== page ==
Trudeau G20

Trudeau on new Just Energy Transition Partnership at G20

eAwaz Canada News

Bali – Joint Statement by the Government of the Republic of Indonesia (GOI) and the Governments of Japan, the United States of America, Canada, Denmark, the European Union, the Federal Republic of Germany, the French Republic, Norway, the Republic of Italy, and the United Kingdom of Great Britain and Northern Ireland (together the “International Partners Group” or IPG)
  1. Recognizing the need for accelerated action toward Agenda 2030, including Sustainable Development Goal 7, and the goals of the Paris Agreement, as well as implementation of the Glasgow Climate Pact, to avoid the worst impacts of climate change on our countries, our people, and the environment;
  2. Recognizing that limiting the impacts of climate change by keeping a warming limit of 1.5°C above pre-industrial levels within reach depends on the international community collectively halving global CO2 emissions by 2030 relative to the 2019 level and achieving global net zero CO2 emissions by mid-century;
  3. Underlining the urgency of decarbonizing energy systems by expediting a reduction in power sector emissions, increasing energy efficiency, and hastening renewable energy deployment, while strengthening efforts to reach universal, affordable, and reliable access to energy;
  4. Recognizing the need to take actions to enable transition finance to support orderly, just and affordable transitions towards a low-greenhouse gas emissions and climate-resilient economy in line with the practical and voluntary recommendations of the transition finance framework in the 2022 G20 Sustainable Finance Report;
  5. Recognizing the need to encourage the mobilization of private finance to support the transition to a net-zero emission world, to prevent the possibility of stranded assets;
  6. Recognizing the importance of Environmental, Social, and Governance standards as a consideration for developing transition financial frameworks and the existing gap between current standards and energy transition needs;
  7. Recognizing the importance of a just energy transition that brings about opportunities for industrial innovation to create quality green jobs, and considers all communities and societal groups affected directly or indirectly by an expedited reduction of power sector emissions – through early retirement of coal-fired power plants – including women, youth, and others vulnerable to the transition; and that there are several important sectors of Indonesia’s economy that are impacted by such a transition;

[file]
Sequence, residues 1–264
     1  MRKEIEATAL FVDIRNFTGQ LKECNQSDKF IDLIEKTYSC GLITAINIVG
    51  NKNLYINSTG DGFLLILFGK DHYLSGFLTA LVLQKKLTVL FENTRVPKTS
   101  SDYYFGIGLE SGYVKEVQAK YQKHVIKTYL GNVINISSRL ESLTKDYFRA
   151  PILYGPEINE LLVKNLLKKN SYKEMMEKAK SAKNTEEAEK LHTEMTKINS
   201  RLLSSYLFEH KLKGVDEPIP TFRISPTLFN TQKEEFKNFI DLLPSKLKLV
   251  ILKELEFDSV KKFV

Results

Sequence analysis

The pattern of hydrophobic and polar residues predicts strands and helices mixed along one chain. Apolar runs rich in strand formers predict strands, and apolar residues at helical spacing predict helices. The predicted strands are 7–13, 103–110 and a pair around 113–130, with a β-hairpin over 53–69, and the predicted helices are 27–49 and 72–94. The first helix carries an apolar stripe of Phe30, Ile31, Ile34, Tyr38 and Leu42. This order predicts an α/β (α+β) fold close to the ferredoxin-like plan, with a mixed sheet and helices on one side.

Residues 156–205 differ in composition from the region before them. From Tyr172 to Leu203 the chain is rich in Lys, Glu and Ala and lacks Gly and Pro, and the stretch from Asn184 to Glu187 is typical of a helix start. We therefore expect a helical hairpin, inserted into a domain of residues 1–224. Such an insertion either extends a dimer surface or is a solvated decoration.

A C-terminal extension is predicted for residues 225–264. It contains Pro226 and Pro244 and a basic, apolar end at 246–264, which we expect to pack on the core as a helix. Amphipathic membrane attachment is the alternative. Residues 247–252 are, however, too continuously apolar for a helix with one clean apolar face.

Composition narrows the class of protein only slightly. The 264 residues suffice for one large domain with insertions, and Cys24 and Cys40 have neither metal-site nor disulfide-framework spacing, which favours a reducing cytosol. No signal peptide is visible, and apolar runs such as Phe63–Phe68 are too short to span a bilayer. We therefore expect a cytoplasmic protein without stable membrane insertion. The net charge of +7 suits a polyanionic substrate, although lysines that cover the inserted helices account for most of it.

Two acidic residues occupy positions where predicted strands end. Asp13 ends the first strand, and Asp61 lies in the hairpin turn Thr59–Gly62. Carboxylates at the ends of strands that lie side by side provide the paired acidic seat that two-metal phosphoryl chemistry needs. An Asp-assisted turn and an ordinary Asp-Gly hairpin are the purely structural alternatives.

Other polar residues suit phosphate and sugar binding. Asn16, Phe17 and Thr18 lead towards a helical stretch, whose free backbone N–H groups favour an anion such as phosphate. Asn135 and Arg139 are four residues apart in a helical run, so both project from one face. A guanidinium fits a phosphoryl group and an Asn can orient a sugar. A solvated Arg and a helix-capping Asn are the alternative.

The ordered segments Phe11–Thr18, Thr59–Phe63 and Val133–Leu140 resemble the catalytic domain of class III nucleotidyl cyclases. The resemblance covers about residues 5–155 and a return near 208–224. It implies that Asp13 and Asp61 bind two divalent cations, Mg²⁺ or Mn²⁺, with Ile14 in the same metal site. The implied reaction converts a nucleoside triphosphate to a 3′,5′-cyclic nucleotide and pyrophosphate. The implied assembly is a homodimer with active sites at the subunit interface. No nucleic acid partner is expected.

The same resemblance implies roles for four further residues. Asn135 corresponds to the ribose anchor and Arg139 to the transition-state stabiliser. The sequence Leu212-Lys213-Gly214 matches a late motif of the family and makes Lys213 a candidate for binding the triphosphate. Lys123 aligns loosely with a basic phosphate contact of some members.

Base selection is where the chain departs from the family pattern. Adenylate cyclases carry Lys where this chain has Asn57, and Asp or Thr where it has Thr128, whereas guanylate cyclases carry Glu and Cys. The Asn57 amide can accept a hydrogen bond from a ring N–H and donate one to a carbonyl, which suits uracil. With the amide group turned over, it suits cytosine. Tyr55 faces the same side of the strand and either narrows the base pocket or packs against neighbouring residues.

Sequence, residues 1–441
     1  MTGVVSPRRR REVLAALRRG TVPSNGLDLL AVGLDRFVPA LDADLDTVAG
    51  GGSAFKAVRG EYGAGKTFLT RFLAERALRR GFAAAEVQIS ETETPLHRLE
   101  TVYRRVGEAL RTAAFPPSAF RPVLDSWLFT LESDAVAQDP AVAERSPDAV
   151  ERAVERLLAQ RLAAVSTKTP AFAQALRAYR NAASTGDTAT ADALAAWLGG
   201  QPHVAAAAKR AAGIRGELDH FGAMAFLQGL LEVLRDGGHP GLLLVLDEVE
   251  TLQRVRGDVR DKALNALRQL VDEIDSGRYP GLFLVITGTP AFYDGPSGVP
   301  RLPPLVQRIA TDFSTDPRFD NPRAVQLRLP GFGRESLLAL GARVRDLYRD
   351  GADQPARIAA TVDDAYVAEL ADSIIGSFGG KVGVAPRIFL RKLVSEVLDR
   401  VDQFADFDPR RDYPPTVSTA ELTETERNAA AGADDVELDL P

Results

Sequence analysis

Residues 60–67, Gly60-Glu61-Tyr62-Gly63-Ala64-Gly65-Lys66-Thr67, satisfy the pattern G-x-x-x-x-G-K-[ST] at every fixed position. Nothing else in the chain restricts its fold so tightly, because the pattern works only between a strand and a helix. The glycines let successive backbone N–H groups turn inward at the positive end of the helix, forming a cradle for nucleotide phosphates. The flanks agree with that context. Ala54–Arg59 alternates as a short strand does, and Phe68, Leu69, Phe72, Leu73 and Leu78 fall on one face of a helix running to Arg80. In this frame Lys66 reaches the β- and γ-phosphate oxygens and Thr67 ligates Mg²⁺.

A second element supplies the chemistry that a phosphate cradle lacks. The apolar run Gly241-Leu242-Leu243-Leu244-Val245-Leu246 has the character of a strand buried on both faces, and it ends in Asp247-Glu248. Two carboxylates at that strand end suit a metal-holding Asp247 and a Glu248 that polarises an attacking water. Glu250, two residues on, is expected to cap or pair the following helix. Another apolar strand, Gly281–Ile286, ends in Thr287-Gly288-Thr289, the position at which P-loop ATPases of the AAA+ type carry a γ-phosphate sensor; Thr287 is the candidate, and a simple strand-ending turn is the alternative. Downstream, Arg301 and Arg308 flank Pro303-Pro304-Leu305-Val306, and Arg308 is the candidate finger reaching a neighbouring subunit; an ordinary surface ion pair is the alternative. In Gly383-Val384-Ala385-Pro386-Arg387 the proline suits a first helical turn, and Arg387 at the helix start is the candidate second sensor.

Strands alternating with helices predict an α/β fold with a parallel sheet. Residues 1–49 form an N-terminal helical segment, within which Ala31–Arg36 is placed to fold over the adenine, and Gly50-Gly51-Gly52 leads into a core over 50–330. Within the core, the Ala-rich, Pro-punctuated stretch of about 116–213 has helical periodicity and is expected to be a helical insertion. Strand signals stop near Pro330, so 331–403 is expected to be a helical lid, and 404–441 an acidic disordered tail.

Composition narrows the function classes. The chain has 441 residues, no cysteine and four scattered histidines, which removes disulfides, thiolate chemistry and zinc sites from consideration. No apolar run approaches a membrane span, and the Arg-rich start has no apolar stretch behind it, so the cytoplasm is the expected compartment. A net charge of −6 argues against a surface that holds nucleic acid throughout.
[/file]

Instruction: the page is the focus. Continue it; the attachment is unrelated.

8. Noting that the Just Energy Transition Partnership (JETP) can alleviate poverty and unemployment and also should see to provide robust protection for the population, especially the poorest and the most vulnerable to potential disruptions from energy transitions;
  9. Further underlining that a just process of transition is based on the full involvement of relevant actors including organized labour and business to implement human capital development programs through reskilling and upskilling, creating employment and providing other forms of collaboration so that workers are major beneficiaries of the transition to a greener future;
  10. Recognizing and acknowledging Indonesia’s important contribution to the global efforts in climate change mitigation, including the progress the Government of the Republic of Indonesia, as well as State Owned Enterprises, are already making towards a net zero future by preparing a Long-Term Strategy for Low Carbon and Climate Resilience to 2050; committing to economy-wide net-zero emissions by 2060 or sooner; enacting the Presidential Decree on Renewable Energy; working to reduce the pipeline of on-grid coal fired pipeline; and working to develop and implement necessary policies, laws, and regulations in both the energy and financial sectors to enable renewable energy deployment as well as to phase down subsidies for domestic coal supply and energy tariffs;